Inherent complement verbs revisited
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Inherent complement verbs revisited towards an understanding of argument structure in Ewe by James Essegbey

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Published by Max Planck Institute] in [Nijmegen, Netherlands .
Written in English

Subjects:

  • Ewe language -- Complement.,
  • Ewe language -- Verb.

Book details:

Edition Notes

StatementJames Essegbey.
SeriesMPI series in psycholinguistics ;, 10
Classifications
LC ClassificationsPL8162 .E86 1999
The Physical Object
Paginationix, 287 p. ;
Number of Pages287
ID Numbers
Open LibraryOL6826625M
ISBN 109076203083
LC Control Number00309741

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Inherent Complement Verbs Revisited: Towards an. Understanding of Argument Structure in Ewe. MPI series. Wageningen: Ponsen & Looijen bv. Essegbey, J. On.   Three verbs in the language allow for a Goal-Theme complement order in addition to the Theme-Goal order. In contrast, inherent complement verbs (ICVs) only allow for the basic order. I show that this analysis not only captures important generalizations in the Gbe languages, but it also throws light on some double object verbs that have been described as discontinuous words in other Kwa Cited by: 3. This book has been cited by the following publications. Inherent complement verbs revisited: Towards an understanding of argument structure in Ewe. PhD dissertation, Leiden University. Essegbey, J. The syntax of inherent complement verbs in Ewe. In Ameka, F. K. and Osam, E. K. (eds.). This book has been cited by the following publications. This list is generated based on data provided by CrossRef. Bakker, Peter You got Gungbe, but we got the numbers. Journal of Pidgin and Creole Languages, Vol. 31, Issue. 2, p. The syntax of inherent complement verbs in Gungbe. Unpublished manuscript, University of Amsterdam.

This paper examines the phenomenon of paratactic negation (PN) by analyzing the usage of the Finnish verb epäillä (‘doubt’, ‘suspect’, ‘suppose’), which is associated with both inherent negation and negative evaluation. Paratactic negation refers to an overt negation in a complement clause of an inherently negative verb that results in a single negative reading. This book describes some of the most representative paths followed by different verbs of implicit negation and reveals the major complement shifts that have occurred throughout the history of English. (happy is the complement of the verb is) Yesterday John wept. (the verb wept has no object or complement) Verbs with objects and complements. Verbs can also have both an object and complement at the same time. In these instances, the absence of the object or complement renders the whole sentence incomplete.   A complementary resultative specifies the result or outcome produced by a phrase’s verb. As a verbal complement, the result is made up of characters that are firmly bound to the right of the verb of the main clause, specifying the outcome. Eventual particles or direct objects are positioned to the right of the complementary resultive.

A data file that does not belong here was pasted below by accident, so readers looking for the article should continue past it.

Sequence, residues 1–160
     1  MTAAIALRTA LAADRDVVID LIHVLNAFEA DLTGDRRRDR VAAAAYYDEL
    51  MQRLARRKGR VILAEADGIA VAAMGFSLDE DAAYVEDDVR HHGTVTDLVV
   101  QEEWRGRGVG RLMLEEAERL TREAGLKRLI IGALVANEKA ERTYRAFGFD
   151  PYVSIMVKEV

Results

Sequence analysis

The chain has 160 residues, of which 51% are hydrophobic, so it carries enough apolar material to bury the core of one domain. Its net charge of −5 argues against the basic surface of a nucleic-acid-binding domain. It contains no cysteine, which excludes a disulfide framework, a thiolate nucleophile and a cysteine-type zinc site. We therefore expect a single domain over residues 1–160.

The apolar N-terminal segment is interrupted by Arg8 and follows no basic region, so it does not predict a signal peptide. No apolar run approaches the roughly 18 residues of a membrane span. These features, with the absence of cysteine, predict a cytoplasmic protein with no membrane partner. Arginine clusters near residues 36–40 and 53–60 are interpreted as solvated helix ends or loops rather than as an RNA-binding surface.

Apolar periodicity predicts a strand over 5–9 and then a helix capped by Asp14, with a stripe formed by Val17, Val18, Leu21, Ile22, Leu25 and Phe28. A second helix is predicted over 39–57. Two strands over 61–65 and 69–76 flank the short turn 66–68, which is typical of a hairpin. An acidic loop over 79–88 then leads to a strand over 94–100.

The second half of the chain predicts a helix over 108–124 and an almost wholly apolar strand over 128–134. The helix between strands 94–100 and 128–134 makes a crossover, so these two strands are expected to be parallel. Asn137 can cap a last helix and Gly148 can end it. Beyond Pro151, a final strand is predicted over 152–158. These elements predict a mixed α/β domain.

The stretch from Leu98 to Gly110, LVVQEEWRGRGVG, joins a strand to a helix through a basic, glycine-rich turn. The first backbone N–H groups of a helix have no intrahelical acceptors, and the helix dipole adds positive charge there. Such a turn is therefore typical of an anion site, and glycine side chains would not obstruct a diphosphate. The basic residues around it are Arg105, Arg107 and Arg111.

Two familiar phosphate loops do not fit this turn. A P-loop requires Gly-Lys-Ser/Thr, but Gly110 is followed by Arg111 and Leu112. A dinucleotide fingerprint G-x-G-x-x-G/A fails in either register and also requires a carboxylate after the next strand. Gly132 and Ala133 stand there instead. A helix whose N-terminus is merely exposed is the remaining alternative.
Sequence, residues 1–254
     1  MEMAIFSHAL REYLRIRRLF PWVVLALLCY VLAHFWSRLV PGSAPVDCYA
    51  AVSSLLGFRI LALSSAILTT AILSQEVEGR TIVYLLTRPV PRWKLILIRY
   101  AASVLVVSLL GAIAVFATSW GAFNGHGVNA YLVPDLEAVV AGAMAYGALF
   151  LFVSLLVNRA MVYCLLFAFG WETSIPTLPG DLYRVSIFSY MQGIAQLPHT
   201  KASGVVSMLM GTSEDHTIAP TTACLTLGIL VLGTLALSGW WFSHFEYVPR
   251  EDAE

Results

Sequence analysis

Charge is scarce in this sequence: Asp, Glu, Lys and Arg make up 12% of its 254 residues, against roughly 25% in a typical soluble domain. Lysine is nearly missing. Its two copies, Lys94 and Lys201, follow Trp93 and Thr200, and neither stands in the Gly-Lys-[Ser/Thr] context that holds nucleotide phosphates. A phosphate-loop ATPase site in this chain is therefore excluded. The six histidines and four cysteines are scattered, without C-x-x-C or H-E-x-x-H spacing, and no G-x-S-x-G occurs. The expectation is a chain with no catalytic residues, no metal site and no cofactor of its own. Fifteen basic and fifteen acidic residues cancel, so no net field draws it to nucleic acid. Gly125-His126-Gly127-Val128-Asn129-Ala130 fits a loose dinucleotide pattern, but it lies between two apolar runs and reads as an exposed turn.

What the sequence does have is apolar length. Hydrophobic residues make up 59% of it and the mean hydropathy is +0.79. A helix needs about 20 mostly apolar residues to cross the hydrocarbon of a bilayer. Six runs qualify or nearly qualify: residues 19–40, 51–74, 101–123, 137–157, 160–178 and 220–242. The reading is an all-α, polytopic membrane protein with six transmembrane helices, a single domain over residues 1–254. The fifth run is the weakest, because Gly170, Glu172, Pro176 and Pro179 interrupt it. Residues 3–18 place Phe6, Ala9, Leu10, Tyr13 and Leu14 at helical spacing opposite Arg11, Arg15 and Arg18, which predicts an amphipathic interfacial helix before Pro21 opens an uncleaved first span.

Abstract This paper examines the phenomenon of paratactic negation (PN) by analyzing the usage of the Finnish verb epäillä (‘doubt’, ‘suspect’, ‘suppose’), which is associated with both inherent negation and negative evaluation. Paratactic negation refers to an overt negation in a complement clause of an inherently negative verb that results in a single negative reading.   Inherent Complement Verbs Revisited: Towards an Understanding of Argument Structure in Ewe [MPI Series]. Wageningen: Ponsen & Looijen. Wageningen: Ponsen & Looijen. Foley, William A. & Van Valin Robert D. Jr. The syntax of inherent complement verbs in Ewe. In F. Ameka and K. Osam (eds) New directions in Ghanaian linguistics. Accra: Black Mask, Contributions to encyclopedia and edited volume Ewe. In Encyclopedia of Languages and Linguistics vol. 4, Keith Brown (ed). Oxford: Elsevier, Ewe and the Gbe languages. Inherent complement verbs have been identified in Igbo studies by Nwachukwu (, , and ), Emenanjo (, ) and Oweleke (, ) verbs which always include a found in living rooms and on book shelves. Leech () refers to this type as “the flesh and.